Girl with Two Heads Born in Philippines
Updated 1:30 a.m. EDT, Friday.
(AP Photo/Bullit Marquez)
A baby girl with two heads was born at Dr. Jose Fabella Memorial Hospital (FMH), a government hospital in Manila, the Philippines on Tuesday night.
"Baby Girl Arciaga," now under observation at the Philippine Heart Center, was born with two hearts contained in one sac. The heads have separate brains and spines, but share most other vital organs, including lungs and kidneys.
"This is a very rare case. It's new even to us," Dr. Ruben Flores, FMH's director, said in a television interview.
The condition is called dicephaly monozygotic conjoined birth, and it occurs in only one out of 80,000 live births.
Doctors at the Philippine Heart Center said oxygen and medication has been keeping the girl – technically a pair of conjoined twins – in stable condition, but an underdeveloped heart threatens their life.
Their complexion turns dark whenever they cry because of a hole in one of the hearts.
"Eventually if one heart fails, the other one will be affected," said Dr. Flores.
Speaking to CBS News Friday, Dr. Ludgerio Torres, director of the Philippine Heart Center, completely ruled out any operation to separate the conjoined twins, but said doctors were optimistic that the girls could survive.
A scan confirmed that the baby on the left has a normal healthy heart.
The hole in the other baby's heart is believed to be correctable, but doctors are not in a hurry to operate as antibiotics and oxygen are helping keep the twins in a stable condition. More importantly, said Torres, "together, they help one another," with the healthy heart bolstering the other.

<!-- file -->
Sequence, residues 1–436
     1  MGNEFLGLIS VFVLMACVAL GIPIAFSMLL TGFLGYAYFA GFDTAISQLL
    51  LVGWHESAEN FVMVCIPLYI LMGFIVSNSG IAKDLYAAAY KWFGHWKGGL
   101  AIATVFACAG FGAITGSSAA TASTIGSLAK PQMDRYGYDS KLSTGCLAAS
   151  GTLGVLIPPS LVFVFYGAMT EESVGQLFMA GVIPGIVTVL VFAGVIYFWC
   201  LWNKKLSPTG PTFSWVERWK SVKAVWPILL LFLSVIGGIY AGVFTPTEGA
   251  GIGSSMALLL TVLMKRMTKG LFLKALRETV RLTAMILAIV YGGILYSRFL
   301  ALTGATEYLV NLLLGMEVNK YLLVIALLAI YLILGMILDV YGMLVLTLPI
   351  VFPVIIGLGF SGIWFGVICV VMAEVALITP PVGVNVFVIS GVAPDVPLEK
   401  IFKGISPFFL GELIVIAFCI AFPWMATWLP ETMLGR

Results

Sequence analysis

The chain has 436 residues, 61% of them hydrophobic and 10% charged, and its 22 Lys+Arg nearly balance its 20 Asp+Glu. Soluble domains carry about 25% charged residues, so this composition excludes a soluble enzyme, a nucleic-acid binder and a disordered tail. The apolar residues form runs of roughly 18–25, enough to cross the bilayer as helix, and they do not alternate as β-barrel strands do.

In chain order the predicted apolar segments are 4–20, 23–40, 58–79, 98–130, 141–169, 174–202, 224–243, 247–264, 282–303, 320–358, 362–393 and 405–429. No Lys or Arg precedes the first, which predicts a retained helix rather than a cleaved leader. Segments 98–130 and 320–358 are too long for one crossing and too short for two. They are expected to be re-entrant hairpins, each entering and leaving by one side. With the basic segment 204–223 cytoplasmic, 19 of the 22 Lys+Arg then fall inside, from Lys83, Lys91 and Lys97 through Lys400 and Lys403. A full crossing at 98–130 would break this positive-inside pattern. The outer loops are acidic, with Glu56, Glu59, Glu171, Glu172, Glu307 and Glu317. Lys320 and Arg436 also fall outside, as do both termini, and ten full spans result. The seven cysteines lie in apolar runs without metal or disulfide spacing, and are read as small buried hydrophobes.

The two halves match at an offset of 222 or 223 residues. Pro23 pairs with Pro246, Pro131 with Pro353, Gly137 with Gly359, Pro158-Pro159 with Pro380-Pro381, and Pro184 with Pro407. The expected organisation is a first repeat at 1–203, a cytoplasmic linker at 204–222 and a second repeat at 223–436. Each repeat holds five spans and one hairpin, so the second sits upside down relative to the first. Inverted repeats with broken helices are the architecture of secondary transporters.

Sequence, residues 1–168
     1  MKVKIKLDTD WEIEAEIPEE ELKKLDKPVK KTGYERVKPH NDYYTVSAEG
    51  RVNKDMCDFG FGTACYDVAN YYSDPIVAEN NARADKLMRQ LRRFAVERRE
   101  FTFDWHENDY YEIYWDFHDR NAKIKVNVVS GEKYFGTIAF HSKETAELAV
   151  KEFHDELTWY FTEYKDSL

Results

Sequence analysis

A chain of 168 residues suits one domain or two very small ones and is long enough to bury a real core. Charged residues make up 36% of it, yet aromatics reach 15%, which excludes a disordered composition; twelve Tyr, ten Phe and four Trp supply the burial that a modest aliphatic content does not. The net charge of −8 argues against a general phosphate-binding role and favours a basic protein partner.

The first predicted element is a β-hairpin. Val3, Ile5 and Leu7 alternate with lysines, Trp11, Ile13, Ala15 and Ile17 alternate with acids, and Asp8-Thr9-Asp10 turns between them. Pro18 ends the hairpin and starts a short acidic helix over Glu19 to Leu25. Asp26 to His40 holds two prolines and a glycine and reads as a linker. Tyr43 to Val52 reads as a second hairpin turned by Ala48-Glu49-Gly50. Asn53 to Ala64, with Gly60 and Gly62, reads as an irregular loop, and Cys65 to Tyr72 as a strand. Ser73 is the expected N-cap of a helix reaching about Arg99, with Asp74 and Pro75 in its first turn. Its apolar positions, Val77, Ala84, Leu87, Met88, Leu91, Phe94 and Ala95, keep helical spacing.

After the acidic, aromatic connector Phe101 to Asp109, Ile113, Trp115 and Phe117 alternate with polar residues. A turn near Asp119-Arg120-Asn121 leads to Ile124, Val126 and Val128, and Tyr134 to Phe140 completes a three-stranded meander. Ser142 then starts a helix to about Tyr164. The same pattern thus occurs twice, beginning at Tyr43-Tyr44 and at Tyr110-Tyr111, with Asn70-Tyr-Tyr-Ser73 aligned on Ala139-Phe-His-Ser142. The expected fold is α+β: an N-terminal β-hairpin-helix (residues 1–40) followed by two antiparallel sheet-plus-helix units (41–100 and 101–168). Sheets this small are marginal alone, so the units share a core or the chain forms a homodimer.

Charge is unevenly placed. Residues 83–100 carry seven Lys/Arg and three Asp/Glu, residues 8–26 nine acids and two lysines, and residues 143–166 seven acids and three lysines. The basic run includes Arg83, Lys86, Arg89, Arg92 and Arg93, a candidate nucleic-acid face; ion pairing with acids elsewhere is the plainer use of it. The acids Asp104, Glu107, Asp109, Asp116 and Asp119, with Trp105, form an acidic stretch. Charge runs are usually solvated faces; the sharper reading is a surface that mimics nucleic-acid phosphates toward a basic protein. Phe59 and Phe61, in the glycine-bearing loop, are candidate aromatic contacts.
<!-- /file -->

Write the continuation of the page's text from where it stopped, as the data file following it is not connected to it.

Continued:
Torres said the babies were being fed intravenously, but they've also started bottle feeding. So far, their "sucking reflex has been wonderful," added the doctor.
For the Arciaga family, it would not have been a complete surprise to have twins. Both sides of the family have twin members.
But ultrasound images before the birth showed only one baby, so the couple did not expect twins, much less conjoined twins.
Salvador Arciaga, the father, earns a meager income as a cycle-taxi driver. He appealed to the public for financial assistance.
"Please help our baby. Please support us and help us extend their lives," he said.
The Arciagas could only hope that their twins end up like Abigail and Brittany Hensel of Minnesota, who for 19 years have been living with one body. They can walk, run, ride a bicycle, and even drive.
The Aguirre twins from the Philippines, who were joined at the head, underwent a series of surgeries at Montefiore Medical Center in New York City in 2004, and are now living normal, healthy, and physically separate lives.
But these are rare cases. According to the University of Maryland Medical Center, the overall survival rate of conjoined twins is somewhere between 5 and 25 percent.
Salvador and his wife remain hopeful that their daughters will survive.
"I hope she lives. Because if she does, we will do everything that we can to raise her well," said Salvador.
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